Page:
I admit it. I cheat on my favorite websites. Although I look at them daily, I am not loyal to any given brand and instinctively look for other sites to entertain and inform me.
Yes, my smartphone is so cool that I have trouble putting it down. Swiping up, down and sideways on new responsive websites has also given me the attention span of a five-year-old. My loyalty of a few years ago, when I might have spent up to five minutes on one website, is probably now more like one minute. As it is, I’ve gone from six page views per visit to two — three if the material gets me to go down a rabbit hole. While this may be bad news for radio station websites, it’s excellent news for our core product: broadcasting to the public.
The listener loyalty club is an oldie but goodie. Here are the approaches of three different stations. All have specific, professionally designed Web pages and offer fun, interactive features to motivate listeners to tune in and also to visit the sites regularly. When it comes to time spent with the media, radio kills. Even millennials — the group one would guess isn’t that into radio — still spend a lot of time with us. According to the RAB’s December 2015 report, “Radio reaches 88.2 percent of all persons age 12–24 each week; they spend almost nine and three-quarters hours weekly tuned in to radio.”
How do you maintain or even grow your individual dominance? Offer value every day with great localized programming — and if you want to be number one? You must create loyalty.
ON-AIR TALENT’S ROLE
The long-term plan must include retaining your very best talent. DJs, talk show hosts and news anchors who have been on your station for years with significant ratings have something other hosts don’t have: listener loyalty.
People have a habit of listening to established shows because they consistently deliver on expectations. While this statement seems ridiculously obvious, I have witnessed first-hand on half a dozen occasions when management murders a legacy morning show, thinking that what a town needs is something “new and exciting.”
Without research unearthing overwhelmingly negative impressions and deteriorating ratings to back up this “feeling,” dumping a long-running show is the most risky move a station can make while remaining in the same format. Instead of encouraging station loyalty, dumping a legacy show tells core listeners that you don’t care about them. (If you need recent evidence, look at a debacle in Washington, D.C., where a morning show was dumped after 24 years; when ratings tanked, the show and the old brand both were reinstated.)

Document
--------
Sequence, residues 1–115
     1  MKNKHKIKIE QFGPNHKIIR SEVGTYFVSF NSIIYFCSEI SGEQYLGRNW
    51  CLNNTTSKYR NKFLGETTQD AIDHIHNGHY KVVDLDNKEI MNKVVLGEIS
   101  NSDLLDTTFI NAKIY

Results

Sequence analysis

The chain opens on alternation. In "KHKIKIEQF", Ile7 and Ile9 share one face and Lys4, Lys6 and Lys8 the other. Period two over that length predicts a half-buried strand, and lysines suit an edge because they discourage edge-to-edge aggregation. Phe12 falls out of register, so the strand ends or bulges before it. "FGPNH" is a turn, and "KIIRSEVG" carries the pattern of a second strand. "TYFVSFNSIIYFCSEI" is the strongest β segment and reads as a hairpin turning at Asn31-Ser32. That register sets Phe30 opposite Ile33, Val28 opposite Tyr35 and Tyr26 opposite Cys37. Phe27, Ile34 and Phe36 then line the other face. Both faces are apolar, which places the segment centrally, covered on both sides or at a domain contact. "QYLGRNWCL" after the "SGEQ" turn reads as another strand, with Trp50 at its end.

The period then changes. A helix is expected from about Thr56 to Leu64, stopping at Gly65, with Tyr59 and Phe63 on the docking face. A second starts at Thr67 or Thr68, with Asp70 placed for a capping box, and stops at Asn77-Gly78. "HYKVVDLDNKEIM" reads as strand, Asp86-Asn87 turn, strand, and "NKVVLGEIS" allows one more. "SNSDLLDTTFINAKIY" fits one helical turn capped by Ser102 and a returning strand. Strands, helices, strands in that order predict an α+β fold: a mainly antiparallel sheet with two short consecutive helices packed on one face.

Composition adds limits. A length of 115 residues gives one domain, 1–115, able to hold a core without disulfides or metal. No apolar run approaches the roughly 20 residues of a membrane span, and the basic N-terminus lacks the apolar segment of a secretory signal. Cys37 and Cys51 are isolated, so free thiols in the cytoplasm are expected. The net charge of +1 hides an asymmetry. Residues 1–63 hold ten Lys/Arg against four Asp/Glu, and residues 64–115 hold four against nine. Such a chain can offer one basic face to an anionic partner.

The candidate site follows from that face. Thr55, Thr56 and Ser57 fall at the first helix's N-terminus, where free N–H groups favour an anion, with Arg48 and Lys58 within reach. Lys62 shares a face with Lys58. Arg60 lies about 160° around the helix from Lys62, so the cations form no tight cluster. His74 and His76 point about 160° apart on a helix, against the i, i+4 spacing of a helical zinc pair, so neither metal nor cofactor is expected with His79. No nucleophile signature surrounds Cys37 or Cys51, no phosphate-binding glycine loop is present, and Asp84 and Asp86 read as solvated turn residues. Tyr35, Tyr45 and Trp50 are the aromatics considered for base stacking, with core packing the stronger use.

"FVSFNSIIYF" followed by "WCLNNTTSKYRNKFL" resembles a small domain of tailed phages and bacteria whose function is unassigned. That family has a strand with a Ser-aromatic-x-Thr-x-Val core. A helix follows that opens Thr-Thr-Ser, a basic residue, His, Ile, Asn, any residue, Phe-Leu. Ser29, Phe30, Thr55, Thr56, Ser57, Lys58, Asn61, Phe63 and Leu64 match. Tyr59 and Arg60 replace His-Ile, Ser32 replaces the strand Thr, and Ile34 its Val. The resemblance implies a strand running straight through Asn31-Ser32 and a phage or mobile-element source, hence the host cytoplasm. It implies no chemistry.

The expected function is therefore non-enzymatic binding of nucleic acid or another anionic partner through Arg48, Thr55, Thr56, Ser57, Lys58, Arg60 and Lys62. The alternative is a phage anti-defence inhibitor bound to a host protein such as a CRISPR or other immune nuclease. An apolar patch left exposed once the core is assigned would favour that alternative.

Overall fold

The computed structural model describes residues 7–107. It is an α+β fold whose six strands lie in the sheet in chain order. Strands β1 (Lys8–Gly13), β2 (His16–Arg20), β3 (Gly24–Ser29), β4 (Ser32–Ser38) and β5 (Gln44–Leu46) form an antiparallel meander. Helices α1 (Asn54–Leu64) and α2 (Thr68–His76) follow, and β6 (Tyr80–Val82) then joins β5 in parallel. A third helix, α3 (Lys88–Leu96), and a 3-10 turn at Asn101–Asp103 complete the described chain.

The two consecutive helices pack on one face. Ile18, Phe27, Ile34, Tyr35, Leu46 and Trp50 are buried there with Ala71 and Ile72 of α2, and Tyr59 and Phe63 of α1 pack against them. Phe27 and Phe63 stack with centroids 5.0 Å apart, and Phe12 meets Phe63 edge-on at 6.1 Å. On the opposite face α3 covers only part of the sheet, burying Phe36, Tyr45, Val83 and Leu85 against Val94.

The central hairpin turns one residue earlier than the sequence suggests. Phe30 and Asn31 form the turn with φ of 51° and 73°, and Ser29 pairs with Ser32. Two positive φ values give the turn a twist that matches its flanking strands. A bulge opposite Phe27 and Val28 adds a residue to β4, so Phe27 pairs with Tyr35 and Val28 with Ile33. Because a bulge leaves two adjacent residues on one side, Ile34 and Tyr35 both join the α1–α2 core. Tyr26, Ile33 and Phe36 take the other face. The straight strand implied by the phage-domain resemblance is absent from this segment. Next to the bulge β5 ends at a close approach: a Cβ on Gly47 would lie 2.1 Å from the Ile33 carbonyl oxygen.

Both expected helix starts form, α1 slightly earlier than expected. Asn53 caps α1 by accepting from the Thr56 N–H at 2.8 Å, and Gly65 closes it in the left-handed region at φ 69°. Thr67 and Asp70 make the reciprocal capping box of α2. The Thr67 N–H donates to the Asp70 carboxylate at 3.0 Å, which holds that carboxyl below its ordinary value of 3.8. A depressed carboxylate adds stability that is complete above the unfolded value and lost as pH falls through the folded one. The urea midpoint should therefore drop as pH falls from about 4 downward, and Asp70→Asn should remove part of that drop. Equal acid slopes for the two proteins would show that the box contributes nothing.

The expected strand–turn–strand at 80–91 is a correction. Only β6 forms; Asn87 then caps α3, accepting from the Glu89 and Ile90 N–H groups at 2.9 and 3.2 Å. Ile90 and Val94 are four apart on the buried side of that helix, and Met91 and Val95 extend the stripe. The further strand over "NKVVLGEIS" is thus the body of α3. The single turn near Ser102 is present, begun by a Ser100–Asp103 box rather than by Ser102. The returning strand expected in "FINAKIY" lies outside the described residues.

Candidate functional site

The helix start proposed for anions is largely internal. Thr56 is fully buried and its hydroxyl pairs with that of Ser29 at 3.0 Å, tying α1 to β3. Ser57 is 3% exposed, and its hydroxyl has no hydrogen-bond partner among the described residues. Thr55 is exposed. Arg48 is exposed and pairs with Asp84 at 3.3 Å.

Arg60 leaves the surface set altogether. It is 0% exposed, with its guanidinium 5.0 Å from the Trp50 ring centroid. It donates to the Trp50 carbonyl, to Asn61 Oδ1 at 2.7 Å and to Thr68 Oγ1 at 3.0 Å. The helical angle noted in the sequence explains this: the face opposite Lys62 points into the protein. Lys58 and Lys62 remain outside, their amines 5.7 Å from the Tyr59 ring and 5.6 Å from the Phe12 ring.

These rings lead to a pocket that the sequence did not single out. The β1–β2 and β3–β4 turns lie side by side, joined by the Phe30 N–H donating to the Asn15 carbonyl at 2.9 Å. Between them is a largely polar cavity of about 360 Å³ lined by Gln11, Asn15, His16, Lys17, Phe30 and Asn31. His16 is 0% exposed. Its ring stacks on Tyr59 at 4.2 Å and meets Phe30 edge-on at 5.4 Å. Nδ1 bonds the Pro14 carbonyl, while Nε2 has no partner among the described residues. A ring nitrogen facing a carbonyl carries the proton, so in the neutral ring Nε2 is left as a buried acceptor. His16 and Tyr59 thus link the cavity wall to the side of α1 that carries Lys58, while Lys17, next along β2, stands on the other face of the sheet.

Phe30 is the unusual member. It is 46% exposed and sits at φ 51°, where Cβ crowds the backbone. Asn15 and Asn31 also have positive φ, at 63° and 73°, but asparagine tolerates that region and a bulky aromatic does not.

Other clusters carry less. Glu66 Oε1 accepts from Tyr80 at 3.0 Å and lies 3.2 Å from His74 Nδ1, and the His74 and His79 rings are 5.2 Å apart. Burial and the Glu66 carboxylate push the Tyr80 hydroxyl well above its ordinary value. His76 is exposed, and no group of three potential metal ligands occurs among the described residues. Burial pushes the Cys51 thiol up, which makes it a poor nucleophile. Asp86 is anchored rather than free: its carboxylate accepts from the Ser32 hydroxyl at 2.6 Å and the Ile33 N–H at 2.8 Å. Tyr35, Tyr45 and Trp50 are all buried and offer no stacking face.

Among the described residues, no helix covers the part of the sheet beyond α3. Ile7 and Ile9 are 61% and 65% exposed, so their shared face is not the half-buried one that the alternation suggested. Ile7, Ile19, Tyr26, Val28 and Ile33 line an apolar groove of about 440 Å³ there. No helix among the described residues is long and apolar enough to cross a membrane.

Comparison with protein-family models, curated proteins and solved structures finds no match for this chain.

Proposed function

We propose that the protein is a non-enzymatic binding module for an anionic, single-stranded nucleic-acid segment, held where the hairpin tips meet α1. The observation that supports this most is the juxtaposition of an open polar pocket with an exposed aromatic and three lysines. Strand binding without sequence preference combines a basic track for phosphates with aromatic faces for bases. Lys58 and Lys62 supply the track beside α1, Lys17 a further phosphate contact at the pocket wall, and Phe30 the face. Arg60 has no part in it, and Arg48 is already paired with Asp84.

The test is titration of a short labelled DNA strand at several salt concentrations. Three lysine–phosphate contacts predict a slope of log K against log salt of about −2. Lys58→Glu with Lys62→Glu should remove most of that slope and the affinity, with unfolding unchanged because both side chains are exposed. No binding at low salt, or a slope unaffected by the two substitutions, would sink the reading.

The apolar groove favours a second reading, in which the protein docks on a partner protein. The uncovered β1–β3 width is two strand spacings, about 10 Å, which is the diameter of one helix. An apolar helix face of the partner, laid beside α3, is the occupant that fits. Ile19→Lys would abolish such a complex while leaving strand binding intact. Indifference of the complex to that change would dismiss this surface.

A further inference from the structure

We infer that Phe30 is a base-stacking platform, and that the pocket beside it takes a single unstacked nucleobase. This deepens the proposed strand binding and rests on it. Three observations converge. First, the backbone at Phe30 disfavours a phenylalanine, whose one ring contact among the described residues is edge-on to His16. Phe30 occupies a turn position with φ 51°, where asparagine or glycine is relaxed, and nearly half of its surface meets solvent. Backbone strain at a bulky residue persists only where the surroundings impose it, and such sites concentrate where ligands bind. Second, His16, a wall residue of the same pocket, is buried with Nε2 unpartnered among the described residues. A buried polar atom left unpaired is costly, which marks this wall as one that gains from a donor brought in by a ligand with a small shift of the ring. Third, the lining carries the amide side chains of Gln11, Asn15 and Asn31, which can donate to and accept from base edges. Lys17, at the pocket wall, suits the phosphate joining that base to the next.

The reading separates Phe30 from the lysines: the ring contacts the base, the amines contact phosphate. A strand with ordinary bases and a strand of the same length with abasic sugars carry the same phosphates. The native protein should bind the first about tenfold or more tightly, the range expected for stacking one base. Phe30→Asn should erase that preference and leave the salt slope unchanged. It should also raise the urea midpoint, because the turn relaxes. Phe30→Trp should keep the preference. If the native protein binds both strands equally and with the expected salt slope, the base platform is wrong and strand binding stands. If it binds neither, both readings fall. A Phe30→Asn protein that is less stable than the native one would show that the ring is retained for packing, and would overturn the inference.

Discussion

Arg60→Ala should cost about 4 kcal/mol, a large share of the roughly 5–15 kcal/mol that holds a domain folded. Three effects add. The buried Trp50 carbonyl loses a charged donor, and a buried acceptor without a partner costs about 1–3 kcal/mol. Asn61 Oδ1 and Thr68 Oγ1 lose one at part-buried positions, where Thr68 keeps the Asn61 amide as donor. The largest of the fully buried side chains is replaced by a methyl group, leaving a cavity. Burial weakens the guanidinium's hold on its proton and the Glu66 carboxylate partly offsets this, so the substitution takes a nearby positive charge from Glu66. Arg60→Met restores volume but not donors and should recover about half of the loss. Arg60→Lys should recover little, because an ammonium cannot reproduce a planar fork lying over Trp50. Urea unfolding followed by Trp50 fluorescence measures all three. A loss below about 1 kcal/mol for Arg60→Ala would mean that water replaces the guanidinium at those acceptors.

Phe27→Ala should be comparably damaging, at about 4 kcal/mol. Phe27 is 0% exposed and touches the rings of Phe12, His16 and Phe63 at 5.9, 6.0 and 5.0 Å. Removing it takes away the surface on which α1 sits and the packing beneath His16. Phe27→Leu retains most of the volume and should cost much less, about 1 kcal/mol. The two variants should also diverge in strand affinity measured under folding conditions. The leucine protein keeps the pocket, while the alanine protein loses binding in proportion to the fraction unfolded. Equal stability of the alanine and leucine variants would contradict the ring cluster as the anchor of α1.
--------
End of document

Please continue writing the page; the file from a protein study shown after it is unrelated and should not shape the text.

How can you show listeners that you care and that you deserve their loyalty?
Every point of interaction they have with your station should give them a positive feeling. Every social media message, smartphone text or phone call needs a response.
Ideally, you should try to handle these contact points one-to-one. If that’s just not practical based on a lack of staffing or interns, it’s okay to send an automated response, as long as the answer is friendly.
Whenever your station hosts events, listeners will interact with every staff member you have in attendance. Don’t assume that your staffers know how to represent you to the public. Discourage your people from bunching up in a group and talking shop. They are there to mingle — to meet and make listeners feel welcome so that they feel like part of the excitement.
JOIN THE CLUB
While loyal listener clubs may seem passé to some, I remain a huge fan. The primary arguments against them are cost and maintenance. For more mature stations, I recommend prioritizing funding a club over a marketing campaign.
The most effective approach is to select a vendor with a solid online interface that works on an earned point system. Participants use their points to “buy” tickets and station merchandise as well as discounts on items, CDs and more. Naturally, you’ll use air time to promote the club, peppered with real audio from members who talk about the benefits they’ve received by participating.
Paid, dark-posted advertising on Facebook could be very useful in adding members to the club.
(Note: Remember that your organic traffic on Facebook is nearly dead, so your posts are not reaching many people. I wrote about the death of organic reach in the Sept. 10, 2014 issue, “Our Free FB Ride Is (Nearly) Over.” I still see stations spending a lot of effort posting content. Aside from answering questions posed to you through your page, you should think of Facebook strictly as an advertising medium.)
Community involvement is also vital to creating loyalty. From promoting charity events, large and small, to having your staff members volunteer at key public service entities, you can make your mark over time.
Whenever you discuss ratings and revenue, consider adding a third point: loyalty.
The author is president of Lapidus Media. Contact him at firstname.lastname@example.org.